You Swore We’d Never Be Rats
We killed the horse and ate it. It was a sad day. His name was Caspian and I’d had him since I was 5-years old. We’d bought him down in the South Country when times were good. I used to ride him all over our property during the wild green summers of childhood. Those hot days when the flowers popped and the insects buzzed and winter felt like it would never return. But winter always did, and so did hard times, and right now we were in the middle of both. So Papa told me to grab the shotgun and go outside and shoot the horse. It was my chance to become a man, he said. My chance to see life for what it was. So I did what I was told.
It took two shots, but I got it done. When it was over I laid in the grass next to his carcass and cried for a while. He was a good horse. But here in the North Country, where winters freeze everything for months at a time, you sometimes have to do terrible things to survive. It was the nature of our lot, Papa often said. He drove his truck out to where I was and we tied the horse to the tailgate and dragged him back to the house like a sack of mulch.
It wasn’t the first time we killed a pet for food. Five years ago, there wasn’t nearly enough meat to go around. Our country was quite vast and quite populated. So one February morning Papa made me watch as he took all five of our dogs behind the shed and did to them what I’d done to Caspian. It took five shots, which was good, because Papa only had six shells. He was smoking a hand-rolled cigarette when he did it and the smoke curled through the air like an apparition. The whimpering was unbearable. It made me remember all the times I’d laid with them on the floor of our cottage, about how they’d lick my face and wag their tails when I rubbed behind their ears. It was awful we had to do that to them. It was like watching five of my brothers die. But we ate well for the rest of the winter. That was the only thing that mattered during bad times. You could make the meat taste good if you told yourself it was beef or venison. Otherwise you had to force it down, bite-by-bite, and it was not so good.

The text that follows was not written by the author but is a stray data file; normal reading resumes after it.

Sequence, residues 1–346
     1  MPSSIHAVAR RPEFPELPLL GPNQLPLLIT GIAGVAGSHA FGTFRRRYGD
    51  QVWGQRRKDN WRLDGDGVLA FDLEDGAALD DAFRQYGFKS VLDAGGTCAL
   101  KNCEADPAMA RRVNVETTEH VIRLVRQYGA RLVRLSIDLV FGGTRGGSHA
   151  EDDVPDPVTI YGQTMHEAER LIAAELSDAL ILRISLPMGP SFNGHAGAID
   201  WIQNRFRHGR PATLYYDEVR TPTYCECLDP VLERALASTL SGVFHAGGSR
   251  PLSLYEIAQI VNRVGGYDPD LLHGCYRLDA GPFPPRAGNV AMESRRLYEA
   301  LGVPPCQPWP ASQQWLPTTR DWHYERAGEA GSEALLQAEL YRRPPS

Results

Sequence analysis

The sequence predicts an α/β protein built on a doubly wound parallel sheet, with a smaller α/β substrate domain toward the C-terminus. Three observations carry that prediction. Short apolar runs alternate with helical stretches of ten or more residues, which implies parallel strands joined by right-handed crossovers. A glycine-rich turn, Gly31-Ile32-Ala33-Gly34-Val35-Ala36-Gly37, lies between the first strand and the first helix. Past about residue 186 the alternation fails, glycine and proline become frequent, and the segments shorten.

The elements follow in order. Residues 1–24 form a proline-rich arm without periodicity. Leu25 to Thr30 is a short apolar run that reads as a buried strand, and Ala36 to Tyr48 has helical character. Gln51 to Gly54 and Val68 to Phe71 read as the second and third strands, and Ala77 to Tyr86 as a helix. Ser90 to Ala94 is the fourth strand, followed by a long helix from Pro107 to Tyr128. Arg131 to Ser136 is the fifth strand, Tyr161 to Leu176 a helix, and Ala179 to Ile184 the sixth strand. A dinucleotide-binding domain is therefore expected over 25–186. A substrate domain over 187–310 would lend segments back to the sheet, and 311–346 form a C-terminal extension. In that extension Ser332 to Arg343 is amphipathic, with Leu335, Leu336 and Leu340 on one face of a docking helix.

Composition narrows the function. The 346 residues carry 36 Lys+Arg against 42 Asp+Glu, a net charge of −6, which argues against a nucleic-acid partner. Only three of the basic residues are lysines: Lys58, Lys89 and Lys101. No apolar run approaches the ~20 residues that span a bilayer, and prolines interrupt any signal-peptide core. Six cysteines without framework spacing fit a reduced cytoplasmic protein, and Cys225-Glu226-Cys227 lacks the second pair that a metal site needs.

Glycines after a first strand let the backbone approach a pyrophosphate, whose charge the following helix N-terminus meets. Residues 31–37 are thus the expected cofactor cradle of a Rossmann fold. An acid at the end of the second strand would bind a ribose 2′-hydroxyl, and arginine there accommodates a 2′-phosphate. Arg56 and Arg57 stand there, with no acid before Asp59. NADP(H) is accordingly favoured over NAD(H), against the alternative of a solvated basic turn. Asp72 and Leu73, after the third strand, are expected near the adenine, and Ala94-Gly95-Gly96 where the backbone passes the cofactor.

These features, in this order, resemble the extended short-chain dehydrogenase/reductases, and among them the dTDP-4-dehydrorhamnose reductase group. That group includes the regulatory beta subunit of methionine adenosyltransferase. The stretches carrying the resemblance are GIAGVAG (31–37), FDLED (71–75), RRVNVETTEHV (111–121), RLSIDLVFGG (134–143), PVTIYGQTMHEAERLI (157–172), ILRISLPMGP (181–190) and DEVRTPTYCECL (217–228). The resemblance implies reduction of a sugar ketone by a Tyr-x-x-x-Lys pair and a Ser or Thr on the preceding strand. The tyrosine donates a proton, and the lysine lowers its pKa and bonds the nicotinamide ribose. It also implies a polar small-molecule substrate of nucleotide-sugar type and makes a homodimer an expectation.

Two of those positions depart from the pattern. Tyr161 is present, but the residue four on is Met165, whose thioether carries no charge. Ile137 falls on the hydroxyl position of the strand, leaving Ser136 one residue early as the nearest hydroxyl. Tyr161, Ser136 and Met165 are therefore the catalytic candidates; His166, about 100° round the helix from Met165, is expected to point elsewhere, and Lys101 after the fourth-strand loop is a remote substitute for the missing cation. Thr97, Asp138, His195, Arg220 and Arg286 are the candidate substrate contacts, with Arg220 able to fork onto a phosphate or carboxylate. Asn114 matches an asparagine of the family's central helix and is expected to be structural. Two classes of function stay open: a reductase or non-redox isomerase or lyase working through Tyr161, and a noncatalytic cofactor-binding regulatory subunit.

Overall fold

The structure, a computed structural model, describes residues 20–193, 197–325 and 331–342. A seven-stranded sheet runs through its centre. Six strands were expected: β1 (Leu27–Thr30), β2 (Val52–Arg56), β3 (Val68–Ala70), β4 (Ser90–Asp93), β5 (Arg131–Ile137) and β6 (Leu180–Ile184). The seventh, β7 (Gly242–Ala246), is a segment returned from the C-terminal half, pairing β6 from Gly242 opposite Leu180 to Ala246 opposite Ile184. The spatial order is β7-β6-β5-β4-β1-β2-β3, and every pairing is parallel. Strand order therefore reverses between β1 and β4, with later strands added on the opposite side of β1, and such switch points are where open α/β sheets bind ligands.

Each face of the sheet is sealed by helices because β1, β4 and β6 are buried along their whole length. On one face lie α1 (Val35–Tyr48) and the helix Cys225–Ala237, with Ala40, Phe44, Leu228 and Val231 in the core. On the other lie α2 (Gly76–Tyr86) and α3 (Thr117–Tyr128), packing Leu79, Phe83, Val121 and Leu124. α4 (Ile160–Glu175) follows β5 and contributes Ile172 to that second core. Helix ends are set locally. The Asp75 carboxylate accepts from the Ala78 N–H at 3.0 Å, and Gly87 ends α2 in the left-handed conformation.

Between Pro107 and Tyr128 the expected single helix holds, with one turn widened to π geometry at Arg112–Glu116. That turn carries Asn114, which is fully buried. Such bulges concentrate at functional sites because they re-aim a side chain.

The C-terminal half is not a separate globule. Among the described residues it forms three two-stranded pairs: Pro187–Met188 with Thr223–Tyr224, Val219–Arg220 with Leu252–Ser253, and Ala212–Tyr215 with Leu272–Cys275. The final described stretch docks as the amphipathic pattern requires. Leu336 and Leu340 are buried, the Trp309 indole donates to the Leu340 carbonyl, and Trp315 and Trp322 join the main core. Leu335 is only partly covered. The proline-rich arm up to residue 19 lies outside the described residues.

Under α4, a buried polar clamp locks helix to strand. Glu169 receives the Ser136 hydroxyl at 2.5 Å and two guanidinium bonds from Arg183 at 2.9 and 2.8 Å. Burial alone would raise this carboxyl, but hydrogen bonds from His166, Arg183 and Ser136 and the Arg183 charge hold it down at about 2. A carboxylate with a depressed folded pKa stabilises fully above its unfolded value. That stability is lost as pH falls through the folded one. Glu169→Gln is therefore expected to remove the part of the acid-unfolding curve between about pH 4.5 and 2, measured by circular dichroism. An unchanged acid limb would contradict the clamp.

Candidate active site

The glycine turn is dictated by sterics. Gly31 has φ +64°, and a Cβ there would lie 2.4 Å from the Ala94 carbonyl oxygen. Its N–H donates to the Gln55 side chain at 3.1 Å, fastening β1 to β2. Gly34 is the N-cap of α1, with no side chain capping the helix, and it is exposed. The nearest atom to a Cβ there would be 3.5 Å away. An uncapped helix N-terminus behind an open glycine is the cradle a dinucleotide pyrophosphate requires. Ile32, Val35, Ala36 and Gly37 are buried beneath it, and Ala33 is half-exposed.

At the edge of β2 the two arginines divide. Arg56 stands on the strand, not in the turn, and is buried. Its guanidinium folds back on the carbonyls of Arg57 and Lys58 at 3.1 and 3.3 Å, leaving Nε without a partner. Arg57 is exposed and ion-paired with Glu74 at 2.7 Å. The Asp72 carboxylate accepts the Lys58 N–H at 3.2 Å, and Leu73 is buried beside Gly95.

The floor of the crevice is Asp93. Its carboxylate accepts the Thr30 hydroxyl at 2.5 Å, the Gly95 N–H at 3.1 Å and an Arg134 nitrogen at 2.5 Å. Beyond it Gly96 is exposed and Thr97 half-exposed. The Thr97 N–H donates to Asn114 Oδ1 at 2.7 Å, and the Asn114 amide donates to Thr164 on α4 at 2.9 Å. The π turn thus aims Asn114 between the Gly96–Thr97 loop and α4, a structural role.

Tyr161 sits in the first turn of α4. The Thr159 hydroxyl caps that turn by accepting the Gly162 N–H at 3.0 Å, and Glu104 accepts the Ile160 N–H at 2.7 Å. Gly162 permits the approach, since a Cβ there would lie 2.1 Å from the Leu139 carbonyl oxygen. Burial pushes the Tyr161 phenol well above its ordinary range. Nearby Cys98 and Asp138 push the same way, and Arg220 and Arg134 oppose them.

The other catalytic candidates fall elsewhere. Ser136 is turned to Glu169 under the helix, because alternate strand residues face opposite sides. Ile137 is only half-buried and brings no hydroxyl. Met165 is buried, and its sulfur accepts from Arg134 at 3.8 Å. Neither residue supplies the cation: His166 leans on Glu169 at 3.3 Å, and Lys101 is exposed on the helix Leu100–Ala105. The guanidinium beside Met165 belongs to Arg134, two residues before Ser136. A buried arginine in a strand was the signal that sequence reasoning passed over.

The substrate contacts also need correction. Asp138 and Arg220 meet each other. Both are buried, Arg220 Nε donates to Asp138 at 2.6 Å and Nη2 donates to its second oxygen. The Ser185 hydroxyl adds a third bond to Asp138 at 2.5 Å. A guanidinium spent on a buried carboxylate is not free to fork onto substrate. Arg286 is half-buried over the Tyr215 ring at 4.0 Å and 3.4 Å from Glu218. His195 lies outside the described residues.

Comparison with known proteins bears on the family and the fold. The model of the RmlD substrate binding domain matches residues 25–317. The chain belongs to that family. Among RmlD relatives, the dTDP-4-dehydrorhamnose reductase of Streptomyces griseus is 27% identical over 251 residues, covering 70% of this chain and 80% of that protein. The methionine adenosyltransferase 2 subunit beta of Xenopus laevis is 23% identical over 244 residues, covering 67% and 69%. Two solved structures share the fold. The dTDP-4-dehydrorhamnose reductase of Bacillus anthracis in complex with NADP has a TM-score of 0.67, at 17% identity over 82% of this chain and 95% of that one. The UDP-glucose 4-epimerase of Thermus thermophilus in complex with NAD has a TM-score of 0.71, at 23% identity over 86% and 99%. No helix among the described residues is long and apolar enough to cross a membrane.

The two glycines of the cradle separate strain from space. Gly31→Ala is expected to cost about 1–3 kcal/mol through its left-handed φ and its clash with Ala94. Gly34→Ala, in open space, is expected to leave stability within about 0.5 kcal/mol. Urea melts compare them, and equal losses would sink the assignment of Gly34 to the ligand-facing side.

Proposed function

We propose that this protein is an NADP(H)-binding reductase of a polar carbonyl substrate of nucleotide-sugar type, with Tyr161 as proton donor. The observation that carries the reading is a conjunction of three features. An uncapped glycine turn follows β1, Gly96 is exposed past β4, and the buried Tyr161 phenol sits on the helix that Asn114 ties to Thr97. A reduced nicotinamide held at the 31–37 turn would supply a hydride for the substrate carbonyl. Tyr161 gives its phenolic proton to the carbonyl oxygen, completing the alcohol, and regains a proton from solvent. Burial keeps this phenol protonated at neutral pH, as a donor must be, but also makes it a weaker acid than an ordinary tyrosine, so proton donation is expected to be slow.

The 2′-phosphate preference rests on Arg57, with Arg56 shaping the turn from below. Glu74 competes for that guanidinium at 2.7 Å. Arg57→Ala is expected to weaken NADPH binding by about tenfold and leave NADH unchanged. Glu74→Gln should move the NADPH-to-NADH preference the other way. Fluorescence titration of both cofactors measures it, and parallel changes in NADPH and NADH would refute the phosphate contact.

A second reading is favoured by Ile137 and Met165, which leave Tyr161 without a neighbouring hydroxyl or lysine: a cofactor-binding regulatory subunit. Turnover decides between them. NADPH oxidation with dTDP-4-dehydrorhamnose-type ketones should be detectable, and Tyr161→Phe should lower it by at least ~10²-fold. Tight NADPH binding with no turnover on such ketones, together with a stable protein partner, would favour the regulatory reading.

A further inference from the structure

Our cottage was small and we were miles from the closest town, which only had one bank and a tiny grocery store. We were often snowed-in for months at a time, so it was in our best interest to be self-sufficient. We farmed through the summer, corn and cucumbers and potatoes and many other things, packing those foods into jars and placing them in our cellar. We rarely ran out of vegetables, which was nice. It was meat that was sometimes hard to come by, and through practice we perfected the art of rationing. If we were lucky, we’d have a beef cow or two. But that wasn’t always the case. Because of that, we know five dogs will last us most of the cold season. As much as it haunted me to think about what I’d done to Caspian, his death would allow us to survive, if not all winter, some of it. I said a prayer every time we ate, thanking him for his sacrifice and for being such a good horse.
The stress got to me, though. One night while my father was sleeping, I snuck into his room and stole a couple cigarettes and stood outside the front door and lit one up. The smoke was harsh on my throat and I coughed, but it gave me a mellow feeling I liked. When I exhaled it was impossible to tell what was smoke and what was my breath cutting the cold. Papa had let me smoke a few times before, so I figured he wouldn’t mind this time. He was trying to toughen me up. I figured smoking was part of that. But as I was standing in the cold, my father burst through the door and grabbed my arm. The cigarette fell into the snow and he pulled me inside and slapped my face. “If you ever steal again, I’ll hit you twice as hard,” he shouted. I’d seen him mad before, especially during those days after he shot the dogs, but this was the angriest by far. “Rats steal,” he said. “You’re not a rat, are you?” I shook my head. His eyes softened and he hugged me. “I know you’re not,” he said. “Now get some sleep.”
But sleep wouldn’t come. I just stared at the ceiling until the sun came up and I heard Mama call me for breakfast.
Mama had dark craters under her eyes as she moved about the kitchen, frying eggs in a pan and boiling potatoes in a rusty pot. Normally she would ask me how my night was, but this morning she was silent and floating like a ghost as the wind howled outside and snow fell hard. She tried to pour herself a glass of water, but accidentally knocked a couple of eggs to the floor where they splattered like bombs. “Oh, shit,” she said, bending down to clean up the mess. I’d never heard her cuss, not even when she was yelling at me for some stupid thing I’d done, like eating one more potato than I was allotted. I grabbed a rag to help her clean when I noticed she was crying. She fell back into the cabinet and put her hands over her eyes and wailed like someone had died. I didn’t know what to do, so I put my hand on her shoulder and said “Is everything OK? Mama, what’s wrong?” She cried for a while longer before wiping away the tears and looking me in the eyes.
“I was going to wait until your father came in, but there’s no point now,” she said. “You’re going to have a little brother or sister, honey. I don’t know when. Probably soon.”